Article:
Structural insight into the mechanism of double-stranded RNA processing by ribonuclease III

Cell. 2006 Jan 27;124(2):355-66. doi: 10.1016/j.cell.2005.11.034.


Members of the ribonuclease III (RNase III) family are double-stranded RNA (dsRNA) specific endoribonucleases characterized by a signature motif in their active centers and a two-base 3' overhang in their products. While Dicer, which produces small interfering RNAs, is currently the focus of intense interest, the structurally simpler bacterial RNase III serves as a paradigm for the entire family. Here, we present the crystal structure of an RNase III-product complex, the first catalytic complex observed for the family. A 7 residue linker within the protein facilitates induced fit in protein-RNA recognition. A pattern of protein-RNA interactions, defined by four RNA binding motifs in RNase III and three protein-interacting boxes in dsRNA, is responsible for substrate specificity, while conserved amino acid residues and divalent cations are responsible for scissile-bond cleavage. The structure reveals a wealth of information about the mechanism of RNA hydrolysis that can be extrapolated to other RNase III family members.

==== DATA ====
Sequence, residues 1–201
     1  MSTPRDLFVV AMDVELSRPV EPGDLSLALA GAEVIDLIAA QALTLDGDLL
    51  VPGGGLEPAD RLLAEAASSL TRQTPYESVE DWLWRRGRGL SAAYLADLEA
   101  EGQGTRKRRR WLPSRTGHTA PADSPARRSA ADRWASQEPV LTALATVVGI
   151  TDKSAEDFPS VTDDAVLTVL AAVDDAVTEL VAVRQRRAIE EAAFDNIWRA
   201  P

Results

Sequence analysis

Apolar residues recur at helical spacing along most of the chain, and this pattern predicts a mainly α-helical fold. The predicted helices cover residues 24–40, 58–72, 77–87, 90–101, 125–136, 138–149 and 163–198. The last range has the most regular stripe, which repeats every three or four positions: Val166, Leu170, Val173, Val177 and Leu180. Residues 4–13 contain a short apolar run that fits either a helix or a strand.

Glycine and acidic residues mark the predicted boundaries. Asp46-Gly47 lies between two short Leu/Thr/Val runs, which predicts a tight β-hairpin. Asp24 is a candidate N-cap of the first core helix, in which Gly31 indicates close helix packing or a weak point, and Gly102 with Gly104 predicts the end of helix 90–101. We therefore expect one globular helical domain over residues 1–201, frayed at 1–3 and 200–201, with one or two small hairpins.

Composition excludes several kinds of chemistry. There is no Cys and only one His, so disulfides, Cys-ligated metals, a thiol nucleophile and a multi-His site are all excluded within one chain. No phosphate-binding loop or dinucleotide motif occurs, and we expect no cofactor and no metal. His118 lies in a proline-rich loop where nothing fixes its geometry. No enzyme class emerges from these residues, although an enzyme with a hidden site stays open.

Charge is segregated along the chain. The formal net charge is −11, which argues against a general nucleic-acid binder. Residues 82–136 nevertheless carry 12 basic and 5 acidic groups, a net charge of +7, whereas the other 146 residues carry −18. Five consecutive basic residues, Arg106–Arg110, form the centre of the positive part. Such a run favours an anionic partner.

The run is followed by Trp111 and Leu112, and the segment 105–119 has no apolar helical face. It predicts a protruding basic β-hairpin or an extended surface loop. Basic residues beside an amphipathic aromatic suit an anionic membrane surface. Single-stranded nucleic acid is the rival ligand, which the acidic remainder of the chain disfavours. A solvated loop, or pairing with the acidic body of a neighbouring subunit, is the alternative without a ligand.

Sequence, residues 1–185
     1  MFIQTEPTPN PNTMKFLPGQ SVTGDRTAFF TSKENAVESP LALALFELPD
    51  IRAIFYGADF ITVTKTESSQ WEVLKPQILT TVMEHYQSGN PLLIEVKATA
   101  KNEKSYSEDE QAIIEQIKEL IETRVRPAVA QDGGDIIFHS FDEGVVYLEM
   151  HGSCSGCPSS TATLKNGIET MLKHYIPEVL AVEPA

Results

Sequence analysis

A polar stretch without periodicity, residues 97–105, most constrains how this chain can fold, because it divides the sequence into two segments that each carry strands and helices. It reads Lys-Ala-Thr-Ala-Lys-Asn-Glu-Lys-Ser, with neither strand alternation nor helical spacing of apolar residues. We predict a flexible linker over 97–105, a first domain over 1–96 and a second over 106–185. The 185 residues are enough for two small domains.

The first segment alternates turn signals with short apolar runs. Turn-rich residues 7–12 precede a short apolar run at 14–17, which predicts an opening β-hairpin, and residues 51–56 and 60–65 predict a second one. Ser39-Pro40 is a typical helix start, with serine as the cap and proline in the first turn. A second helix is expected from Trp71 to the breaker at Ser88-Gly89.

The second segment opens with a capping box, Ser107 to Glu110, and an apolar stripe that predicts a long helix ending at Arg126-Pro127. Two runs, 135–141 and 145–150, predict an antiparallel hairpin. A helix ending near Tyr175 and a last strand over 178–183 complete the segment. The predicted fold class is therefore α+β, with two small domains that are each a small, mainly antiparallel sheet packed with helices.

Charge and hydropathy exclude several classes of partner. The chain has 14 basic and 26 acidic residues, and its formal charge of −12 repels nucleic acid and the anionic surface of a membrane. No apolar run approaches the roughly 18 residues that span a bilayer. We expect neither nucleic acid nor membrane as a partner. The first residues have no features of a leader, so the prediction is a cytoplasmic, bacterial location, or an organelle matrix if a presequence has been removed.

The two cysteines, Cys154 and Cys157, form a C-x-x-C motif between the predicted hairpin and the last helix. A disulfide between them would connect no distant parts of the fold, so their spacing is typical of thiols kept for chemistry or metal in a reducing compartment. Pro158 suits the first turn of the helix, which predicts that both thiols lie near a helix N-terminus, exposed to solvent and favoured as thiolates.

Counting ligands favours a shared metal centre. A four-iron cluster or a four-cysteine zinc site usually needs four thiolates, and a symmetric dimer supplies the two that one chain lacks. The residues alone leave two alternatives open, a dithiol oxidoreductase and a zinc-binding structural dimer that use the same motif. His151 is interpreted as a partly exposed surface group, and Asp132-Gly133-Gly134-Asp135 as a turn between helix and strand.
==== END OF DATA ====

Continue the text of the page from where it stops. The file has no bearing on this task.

Publication types

  • Research Support, N.I.H., Intramural

MeSH terms

  • Amino Acid Sequence
  • Binding Sites
  • Catalysis
  • Conserved Sequence
  • Crystallography, X-Ray
  • Dimerization
  • Macromolecular Substances / chemistry
  • Models, Molecular
  • Molecular Sequence Data
  • Protein Binding
  • Protein Structure, Tertiary
  • RNA Interference
  • RNA, Double-Stranded / chemistry*
  • RNA, Double-Stranded / metabolism*
  • Ribonuclease III / chemistry*
  • Ribonuclease III / physiology*
  • Sequence Alignment
  • Substrate Specificity


  • Macromolecular Substances
  • RNA, Double-Stranded
  • Ribonuclease III